Is the Oil and Gas Industry Slow on the AI Uptake?

December 3, 2019 | Artificial Intelligence
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Considering that the world is awash in oil, the oil and gas industry should deploy artificial intelligence (AI) to improve efficiencies and cut costs.

The lackadaisical adoption of artificial intelligence (AI) by the oil and gas industry is surprising, says an article in the Houston Chronicle by Chris Tomlinson.

Interestingly, the oil and gas industry has pushed through impressive technological innovations in recent decades. For example, sophisticated mechanical tools can now direct a drill bit accurately through a narrow column of oil for over a mile.

Oil and gas industry: Operational sophistication

Horizontal drilling and hydraulic fracking have together made it possible to exploit massive unconventional oil and gas resources in the US. These were previously considered uneconomic to drill. Floating production storage and offloading (FPSO) and floating liquefied natural gas (FLNG) vessels are technological marvels.

The collection and analysis of seismic data are unrecognizable from the arbitrary approaches of early explorers. Geologists are now able to use seismic imaging through vibrations to visualize rock formations located thousands of feet below the ground.

Why then is the industry seemingly dragging its feet on AI?

Oil and gas industry and AI

What is perhaps holding back the industry is the risk to human lives and billions of dollars in investment. An AI experiment that backfires could, therefore, be a serious setback for the industry.

Another problem is the scarcity of adequately experienced AI companies that have the requisite skills to safely conduct the deployment of AI in oil and gas operations.

“There are dozens of companies promising huge savings from digitalization. But without a track record, executives are unwilling to spend the money,” says the article by Tomlinson.

Unfortunately, persistently low oil prices are now a harsh reality for the industry. In such an environment, oil producers must do everything in their power to cut drilling costs. Imperative also is the avoidance of any unscheduled production outages.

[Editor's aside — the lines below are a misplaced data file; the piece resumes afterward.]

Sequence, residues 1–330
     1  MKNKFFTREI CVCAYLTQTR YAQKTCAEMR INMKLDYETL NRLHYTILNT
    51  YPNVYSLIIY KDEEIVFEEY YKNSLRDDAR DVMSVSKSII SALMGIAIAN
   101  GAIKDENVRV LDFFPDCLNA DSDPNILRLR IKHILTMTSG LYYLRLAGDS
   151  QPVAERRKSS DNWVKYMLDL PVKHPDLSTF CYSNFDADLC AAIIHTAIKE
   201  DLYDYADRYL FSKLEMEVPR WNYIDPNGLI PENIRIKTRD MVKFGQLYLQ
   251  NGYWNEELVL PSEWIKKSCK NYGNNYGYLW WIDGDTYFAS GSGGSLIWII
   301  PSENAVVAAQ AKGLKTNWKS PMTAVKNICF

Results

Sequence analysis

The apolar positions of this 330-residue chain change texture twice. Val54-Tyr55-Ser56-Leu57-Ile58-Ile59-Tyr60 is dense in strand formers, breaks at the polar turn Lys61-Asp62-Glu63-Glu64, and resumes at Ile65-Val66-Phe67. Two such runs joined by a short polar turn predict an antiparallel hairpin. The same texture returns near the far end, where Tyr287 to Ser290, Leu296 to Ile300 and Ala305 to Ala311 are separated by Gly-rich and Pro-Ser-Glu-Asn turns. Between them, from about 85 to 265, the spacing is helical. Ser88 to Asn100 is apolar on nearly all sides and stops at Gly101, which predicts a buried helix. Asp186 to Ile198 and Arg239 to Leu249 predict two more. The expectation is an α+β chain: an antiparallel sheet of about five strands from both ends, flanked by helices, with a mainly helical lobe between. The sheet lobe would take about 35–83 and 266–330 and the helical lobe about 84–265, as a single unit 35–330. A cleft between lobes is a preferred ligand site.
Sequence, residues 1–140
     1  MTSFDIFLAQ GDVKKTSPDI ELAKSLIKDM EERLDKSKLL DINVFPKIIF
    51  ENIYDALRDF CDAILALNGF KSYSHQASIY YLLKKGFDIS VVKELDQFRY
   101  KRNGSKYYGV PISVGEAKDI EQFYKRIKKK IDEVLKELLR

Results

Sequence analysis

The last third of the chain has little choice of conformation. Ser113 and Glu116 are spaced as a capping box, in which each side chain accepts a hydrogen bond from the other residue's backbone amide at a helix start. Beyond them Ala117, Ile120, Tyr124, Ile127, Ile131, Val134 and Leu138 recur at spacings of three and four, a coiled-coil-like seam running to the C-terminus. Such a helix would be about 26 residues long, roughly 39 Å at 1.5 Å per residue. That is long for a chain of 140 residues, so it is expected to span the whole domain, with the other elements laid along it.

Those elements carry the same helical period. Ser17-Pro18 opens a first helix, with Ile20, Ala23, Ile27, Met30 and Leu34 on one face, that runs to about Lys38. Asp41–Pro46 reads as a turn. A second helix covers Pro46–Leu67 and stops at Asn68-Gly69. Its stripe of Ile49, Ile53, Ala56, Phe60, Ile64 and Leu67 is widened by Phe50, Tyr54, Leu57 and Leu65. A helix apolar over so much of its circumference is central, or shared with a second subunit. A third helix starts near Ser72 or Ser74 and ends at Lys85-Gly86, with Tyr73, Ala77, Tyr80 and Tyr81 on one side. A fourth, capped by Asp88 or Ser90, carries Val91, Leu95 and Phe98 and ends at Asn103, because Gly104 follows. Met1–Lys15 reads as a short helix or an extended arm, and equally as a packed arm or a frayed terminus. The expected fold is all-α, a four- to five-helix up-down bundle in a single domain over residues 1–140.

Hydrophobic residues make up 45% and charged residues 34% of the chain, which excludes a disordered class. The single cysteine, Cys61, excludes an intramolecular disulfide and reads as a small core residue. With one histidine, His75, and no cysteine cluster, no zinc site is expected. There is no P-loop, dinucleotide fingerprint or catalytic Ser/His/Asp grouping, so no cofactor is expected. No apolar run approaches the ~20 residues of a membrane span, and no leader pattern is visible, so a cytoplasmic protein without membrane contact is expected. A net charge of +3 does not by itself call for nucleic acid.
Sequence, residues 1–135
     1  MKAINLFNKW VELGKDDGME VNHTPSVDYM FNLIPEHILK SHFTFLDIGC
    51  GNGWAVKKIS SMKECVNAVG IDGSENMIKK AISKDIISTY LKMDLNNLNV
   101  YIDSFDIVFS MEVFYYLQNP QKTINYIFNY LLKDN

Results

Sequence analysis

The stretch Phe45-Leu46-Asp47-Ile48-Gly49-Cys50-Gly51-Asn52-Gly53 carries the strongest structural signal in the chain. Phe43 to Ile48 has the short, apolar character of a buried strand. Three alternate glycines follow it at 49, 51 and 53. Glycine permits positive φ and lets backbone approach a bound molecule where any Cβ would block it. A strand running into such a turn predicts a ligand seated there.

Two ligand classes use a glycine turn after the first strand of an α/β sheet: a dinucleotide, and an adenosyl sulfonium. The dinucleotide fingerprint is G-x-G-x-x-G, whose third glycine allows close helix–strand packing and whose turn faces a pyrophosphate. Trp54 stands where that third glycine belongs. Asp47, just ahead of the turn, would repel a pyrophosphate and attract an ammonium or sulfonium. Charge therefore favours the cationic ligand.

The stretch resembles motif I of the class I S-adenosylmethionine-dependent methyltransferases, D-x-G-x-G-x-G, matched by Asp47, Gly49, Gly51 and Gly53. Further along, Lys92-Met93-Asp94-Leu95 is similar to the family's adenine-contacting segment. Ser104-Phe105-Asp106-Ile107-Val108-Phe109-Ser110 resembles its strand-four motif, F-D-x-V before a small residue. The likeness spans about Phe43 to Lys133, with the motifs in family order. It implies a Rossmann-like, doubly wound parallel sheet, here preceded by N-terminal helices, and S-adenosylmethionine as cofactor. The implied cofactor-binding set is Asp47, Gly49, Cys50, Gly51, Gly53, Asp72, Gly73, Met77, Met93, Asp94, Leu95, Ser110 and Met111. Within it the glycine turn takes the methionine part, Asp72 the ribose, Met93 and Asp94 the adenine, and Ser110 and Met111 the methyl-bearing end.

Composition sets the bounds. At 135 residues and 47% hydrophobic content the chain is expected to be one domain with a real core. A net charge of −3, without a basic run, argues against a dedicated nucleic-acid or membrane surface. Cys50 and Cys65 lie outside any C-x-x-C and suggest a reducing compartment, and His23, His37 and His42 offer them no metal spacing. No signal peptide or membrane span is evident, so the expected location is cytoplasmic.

The oil and gas industry must, therefore, bite the AI bullet.

Recent developments are encouraging, however

Late last month, Microsoft and Baker Hughes announced an artificial intelligence (AI) partnership for the oil and gas industry. Along with AI developer C3.ai, the two giants will bring artificial intelligence onto Microsoft’s Azure cloud computing platform. Oil and gas customers can, therefore, easily adopt AI for applications in inventory, energy management, predictive maintenance, and equipment reliability.

“Companies that adopt this technology will be the next Amazon, and those that don’t adopt will be the next Sears,” C3.ai founder and CEO Tom Siebel told the Houston Chronicle.

Royal Dutch Shell processes 20 million tonnes of crude oil annually at the massive Pernis refinery in Rotterdam. About 50,000 sensors monitor equipment and operating conditions at the refinery. Since last year Shell has been using data from the sensors in a machine learning application that predicts failures in control valves. The result: advance notification periods of potential failures from 4 to 75 days. Some of these warnings would have been impossible to detect with the human eye or with conventional computer systems.

Royal Dutch Shell has 280 projects underway in AI. It is now using AI to clean up data from seismic surveys and thereby create images of rock formations on the seafloor. In turn these images help scientists locate all deposits under the ocean floor. However these images suffered from noisy data because of underwater currents and other factors that impeded their accuracy. Shell was able to innovate machine learning algorithms that filtered out this noise. The time needed to obtain clear images was cut by 80%.

Chevron Corporation has deployed AI-based software to analyze historical well performance data. It is, therefore, now able to drill in better locations and improve production by 30%.

[Related Story: Automaker Ford Using Artificial Intelligence To Optimize Daily Driving  ]

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